WCU ID security breached

March 23, 2008

By Carol Motsinger


The news arrived by mail, and it was unsettling.

Someone had hacked into a computer and had access to the Social Security numbers of 555 graduates of Western Carolina University who had signed up for a newsletter.

Some of that stolen information belonged to WCU alumnus Wesley Todd, who has been on the lookout for problems from the online security breach.

"The process is just tedious, having to take time out to verify that everything is still OK from my end and that my identity has not been stolen," Todd said.

"It's just something that people worry about enough without the university creating more concern for us by not protecting our secured information." So far, Todd has "not found any credit issues," he said.

Ironically, WCU officials discovered the breach while trying to track down and eliminate private information on unsecure computer servers.

How it happened

The compromised information was on a computer server managed by the Department of Business Computer Information Systems and Economics. And it was hacked several times, as long ago as 2006, said Bil Stahl, chief information officer at WCU.

"We know the data was taken off the server, but we don't have any evidence that their data was used," he said.

Social Security numbers were included in the stolen information because up until last fall, campuses in the University of North Carolina system could use those digits as student identification numbers. While the practice was stopped then, old data on servers remains vulnerable.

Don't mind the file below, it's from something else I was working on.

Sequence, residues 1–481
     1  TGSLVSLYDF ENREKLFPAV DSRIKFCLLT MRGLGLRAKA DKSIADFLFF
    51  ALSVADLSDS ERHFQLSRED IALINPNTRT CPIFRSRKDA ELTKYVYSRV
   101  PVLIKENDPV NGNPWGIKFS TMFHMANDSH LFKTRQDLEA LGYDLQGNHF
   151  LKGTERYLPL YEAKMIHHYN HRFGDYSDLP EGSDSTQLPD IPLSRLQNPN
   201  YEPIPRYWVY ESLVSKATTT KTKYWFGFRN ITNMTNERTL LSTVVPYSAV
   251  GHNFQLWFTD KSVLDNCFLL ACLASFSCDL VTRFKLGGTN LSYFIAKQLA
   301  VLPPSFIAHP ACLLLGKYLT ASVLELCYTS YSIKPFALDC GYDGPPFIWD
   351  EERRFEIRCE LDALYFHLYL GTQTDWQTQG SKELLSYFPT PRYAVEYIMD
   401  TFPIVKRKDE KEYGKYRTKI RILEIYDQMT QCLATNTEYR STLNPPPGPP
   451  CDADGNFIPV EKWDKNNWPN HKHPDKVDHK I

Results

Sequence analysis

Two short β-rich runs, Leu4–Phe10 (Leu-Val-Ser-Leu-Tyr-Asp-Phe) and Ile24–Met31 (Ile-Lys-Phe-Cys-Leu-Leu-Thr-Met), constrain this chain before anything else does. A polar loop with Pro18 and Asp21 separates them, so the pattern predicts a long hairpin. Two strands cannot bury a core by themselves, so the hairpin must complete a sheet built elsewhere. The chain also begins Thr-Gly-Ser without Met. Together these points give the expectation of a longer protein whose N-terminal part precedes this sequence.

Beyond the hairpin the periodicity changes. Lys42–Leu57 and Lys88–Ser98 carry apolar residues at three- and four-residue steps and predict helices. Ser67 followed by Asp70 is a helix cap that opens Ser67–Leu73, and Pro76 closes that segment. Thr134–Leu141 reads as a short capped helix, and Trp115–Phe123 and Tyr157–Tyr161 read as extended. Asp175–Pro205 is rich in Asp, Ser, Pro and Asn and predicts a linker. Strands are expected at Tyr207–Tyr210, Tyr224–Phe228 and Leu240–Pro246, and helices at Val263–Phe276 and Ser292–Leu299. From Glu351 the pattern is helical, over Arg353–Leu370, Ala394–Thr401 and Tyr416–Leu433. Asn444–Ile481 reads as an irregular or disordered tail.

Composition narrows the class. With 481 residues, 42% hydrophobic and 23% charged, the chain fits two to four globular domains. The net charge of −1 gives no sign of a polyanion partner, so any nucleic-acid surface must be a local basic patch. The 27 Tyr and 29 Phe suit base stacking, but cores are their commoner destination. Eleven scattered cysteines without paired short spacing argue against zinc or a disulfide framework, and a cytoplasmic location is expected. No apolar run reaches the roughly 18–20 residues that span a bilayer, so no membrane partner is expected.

A General Assembly of North Carolina 2005 law also forbids the use of Social Security numbers without the written consent of a student, unless the identifying number has to be used for a state or federally mandated purpose. For instance, a Social Security number is required for student financial aid applications.

With reported online crime on the rise - the Internet Crime Complaint Center received close to 4,900 complaints in 2006 from North Carolina alone . area university officials say protecting private information is a priority.

Limiting the publication of Social Security numbers is just one prong in plans to guard information they store from countless students, alumni and faculty.

WCU's response

The private information was immediately removed from the compromised server and the Federal Bureau of Investigation is now handling the case. Letters informing effected alumni of the security breach were also sent quickly, Stahl said.

Tom Fisher, a WCU alumnus, said he thinks "the most important thing any company, school or government entity can do after a security breach and/or data leak is notify the victims and potential victims."

As an information technology manager living in Asheville, Fisher said he is "not at all surprised that the event actually occurred."

"Data breaches like this are like car accidents - you might not see one every day, but they are happening many times a day all across the country. All you can do is wear your seatbelt and hope it doesn't happen to you."